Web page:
Allow to cool slightly and cut into wedges to serve.

Field Report
As we mentioned earlier in the newsletter, we have managed to get field carrots into the ground (St Valery's and Dragon), but we might not have mentioned that we got St Valery's carrots into Eden (one of our high tunnels) even earlier.  Here's hoping!  The peas went in to the field last week.  A 200 foot row each of four varieties (Mammoth Melting, Oregon Sugar Pod II, Blizzard and Golden Sweet) also went into the Eastfarthing (field 2).  With the cold weather that followed we expect them to be slow to germinate.  The Southwest had rows of turnips, beets, spinach, arugula, mustard greens and radishes put in before the cold and rain as well.  Sadly, we couldn't quite get to the potatoes, but we're confident we'll get them in next week once the fields dry out a little.  

Our high tunnels are named Eden and Valhalla.  Valahalla is currently home to tatsoi and komatsuna that are ready for some harvest.  The spinach in Valhalla should allow us to harvest some next week, but the kale is a little slower.  Eden has rows of green beans, onions, melons, cucumbers, carrots and beets seeded.  We anticipate putting in tomato and pepper plants next week!

Asparagus started trickling in mid-April and has, of course, stopped when things got cooler.  The rhubarb was already trying to send up flower stalks - which we really don't want.  The fruit trees were largely in full bloom when we got the freeze a couple of nights ago, so we'll see what happens with fruit set this year.

Picture of the Month

The season has begun!
Farm News Shorts

  • The Iowa Ingredient Episode featuring the Genuine Faux Farm (yes, that's us) will be airing this month on Iowa Public Television.  The first showing will be May 18 at 6:30pm (Thursday) and the second is on Saturday, May 20 at 11:30 am.  You can keep an eye on all things duck on IPTV's Facebook page starting May 15.
  • Mrs. Borglum's Waverly-Shell Rock high school science class has been looking at various aspects of sustainability this semester and they will be coming out to the Genuine Faux Farm to see some of the ways we try to use sustainable methods to raise food.  We are looking forward to seeing them on the farm May 3!
  • Some of you who have been CSA members for several years and/or those who have read the blog for some time might recall seeing pictures or references to Denis Drolet (you can see him being an expert mulcher in this blog post from 2014).  Denis worked on the farm for several summers and he can probably tell you stories about our farm from a completely different perspective from the one we provide here!  He might mention Tammy the Warrior Queen or Rob the Plant Philosopher or... he might just sneeze in memory of the dusty straw mulch we used that first year he helped on the farm.  Denis has been honored with the presence of a wonderful person (Julie) in his life and we are most pleased for the two of them.  We wish them the best as they pursue new adventures together.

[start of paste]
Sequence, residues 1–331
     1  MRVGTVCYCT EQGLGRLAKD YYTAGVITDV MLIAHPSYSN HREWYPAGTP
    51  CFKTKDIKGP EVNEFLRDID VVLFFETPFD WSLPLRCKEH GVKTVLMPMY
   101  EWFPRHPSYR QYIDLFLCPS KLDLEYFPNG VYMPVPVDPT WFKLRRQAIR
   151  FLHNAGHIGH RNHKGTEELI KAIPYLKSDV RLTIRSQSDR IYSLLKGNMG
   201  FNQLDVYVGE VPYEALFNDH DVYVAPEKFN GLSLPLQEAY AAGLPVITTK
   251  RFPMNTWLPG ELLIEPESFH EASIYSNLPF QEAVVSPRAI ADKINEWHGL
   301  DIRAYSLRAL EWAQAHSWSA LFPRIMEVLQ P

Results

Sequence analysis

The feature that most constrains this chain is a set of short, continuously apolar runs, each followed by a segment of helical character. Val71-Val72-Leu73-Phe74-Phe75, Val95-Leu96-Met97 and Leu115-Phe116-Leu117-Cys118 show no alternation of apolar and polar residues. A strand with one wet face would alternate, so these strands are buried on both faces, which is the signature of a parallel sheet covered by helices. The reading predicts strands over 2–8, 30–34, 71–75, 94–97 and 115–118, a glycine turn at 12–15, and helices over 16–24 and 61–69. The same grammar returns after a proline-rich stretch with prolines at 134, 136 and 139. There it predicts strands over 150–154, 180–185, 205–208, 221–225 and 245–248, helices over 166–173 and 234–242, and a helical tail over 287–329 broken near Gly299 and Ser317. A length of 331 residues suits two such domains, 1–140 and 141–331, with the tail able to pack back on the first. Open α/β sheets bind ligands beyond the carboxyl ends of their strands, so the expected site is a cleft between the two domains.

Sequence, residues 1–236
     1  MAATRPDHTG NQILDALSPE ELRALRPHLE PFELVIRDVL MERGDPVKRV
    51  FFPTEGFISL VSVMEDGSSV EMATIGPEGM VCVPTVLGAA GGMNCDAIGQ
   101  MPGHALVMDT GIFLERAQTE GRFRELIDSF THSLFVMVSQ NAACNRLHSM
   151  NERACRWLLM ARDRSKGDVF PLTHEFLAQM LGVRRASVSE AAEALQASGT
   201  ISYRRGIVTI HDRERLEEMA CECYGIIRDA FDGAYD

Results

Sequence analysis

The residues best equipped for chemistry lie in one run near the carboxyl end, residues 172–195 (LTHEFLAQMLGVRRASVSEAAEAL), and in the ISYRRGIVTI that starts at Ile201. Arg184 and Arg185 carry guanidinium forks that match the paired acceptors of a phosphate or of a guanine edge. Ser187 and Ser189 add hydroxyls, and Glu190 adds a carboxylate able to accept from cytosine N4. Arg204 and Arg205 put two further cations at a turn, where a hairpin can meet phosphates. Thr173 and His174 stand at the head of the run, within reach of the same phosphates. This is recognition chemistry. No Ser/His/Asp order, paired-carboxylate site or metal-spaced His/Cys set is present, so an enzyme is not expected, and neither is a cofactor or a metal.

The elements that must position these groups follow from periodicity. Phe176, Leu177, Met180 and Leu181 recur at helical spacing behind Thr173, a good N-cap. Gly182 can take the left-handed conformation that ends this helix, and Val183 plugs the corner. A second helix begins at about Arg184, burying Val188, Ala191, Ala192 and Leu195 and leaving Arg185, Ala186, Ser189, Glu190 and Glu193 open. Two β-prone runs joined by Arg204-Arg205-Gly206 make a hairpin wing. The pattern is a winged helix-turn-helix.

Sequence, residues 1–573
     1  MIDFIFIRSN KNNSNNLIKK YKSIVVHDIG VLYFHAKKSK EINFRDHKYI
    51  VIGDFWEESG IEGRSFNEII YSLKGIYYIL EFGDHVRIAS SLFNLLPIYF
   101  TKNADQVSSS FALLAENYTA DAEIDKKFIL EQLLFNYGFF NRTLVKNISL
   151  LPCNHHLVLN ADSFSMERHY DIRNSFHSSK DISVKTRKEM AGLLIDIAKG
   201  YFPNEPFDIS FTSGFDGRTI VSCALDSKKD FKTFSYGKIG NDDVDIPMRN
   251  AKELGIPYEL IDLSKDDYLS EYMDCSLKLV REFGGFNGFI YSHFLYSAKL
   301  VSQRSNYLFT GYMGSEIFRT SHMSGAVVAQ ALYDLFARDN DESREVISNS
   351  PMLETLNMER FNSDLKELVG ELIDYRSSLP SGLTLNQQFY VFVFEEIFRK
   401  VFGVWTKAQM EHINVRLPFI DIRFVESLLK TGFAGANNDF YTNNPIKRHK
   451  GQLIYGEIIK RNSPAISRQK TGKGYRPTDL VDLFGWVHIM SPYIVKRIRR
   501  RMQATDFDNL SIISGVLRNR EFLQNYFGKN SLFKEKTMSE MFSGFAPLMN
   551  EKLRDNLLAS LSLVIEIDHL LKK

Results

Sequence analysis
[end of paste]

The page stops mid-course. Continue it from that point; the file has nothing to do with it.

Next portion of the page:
Time to Have Pun
Rather than a long, silly pun today - how about some shorter things that might make someone laugh.  If it's not you, then maybe it's me.  If it's neither of us, then it's that guy in the back of the room that tries to make his laughter sound like a sneeze, but fails...

A few "sort of proverbs" for everyone:
- After all is said and done, usually more is said.
- Consider what *might* be fertilizing the greener grass on the other side of the fence.
- Experience is what you get when you were expecting something else.
and finally
- Gather 'round like cattle and ye shall be herd!

Saturday, April 22, 2017

Words to Live By

I admit to being a bit of an introvert.  Ok, I am very much an introvert.  Someone sent me a series of sayings that many introverts could relate to and I found one in particular that stood out with me:
"When you are an introvert and try to say anything in a group of extroverts - 'Please be quiet, I'm really very interesting.'"

I find that one a bit humorous and a bit sad at the same time.  But, another thing that rang true was a recurring theme that many persons who exhibit introversion tendencies will contemplate things that were said far longer than many who are extroverted in nature.  Maybe it is a function of the nature of many introverts to say less and listen more, all I know is that I have a number of things running through my head that have become 'words to live by.'

A "Happy Little Tree"
I know I am not the only person who still thinks fondly of Bob Ross and his Joy of Painting episodes that appeared (and still appear) frequently on Iowa Public Television.

Bob would talk about 'happy little trees,' 'happy little clouds' and he would encourage people to be creative ('this is your world').  The most important part for me was the tone of these shows.  I always started to relax, no matter what was going on, as soon as Mr. Ross loaded up his brush and started painting.  I am not sure I ever fully realized how much the serenity this man exhibited in his shows affected me until recently.  A pretty nasty cold/flu bug was making it impossible for me to sleep, so I flipped through some of our limited TV channels and found Joy of Painting on IPTV.  I fell asleep for the first time in a couple of days almost as soon as the words 'happy little tree' left his lips.
Our new-ish horse chestnut in the front yard appears to be happy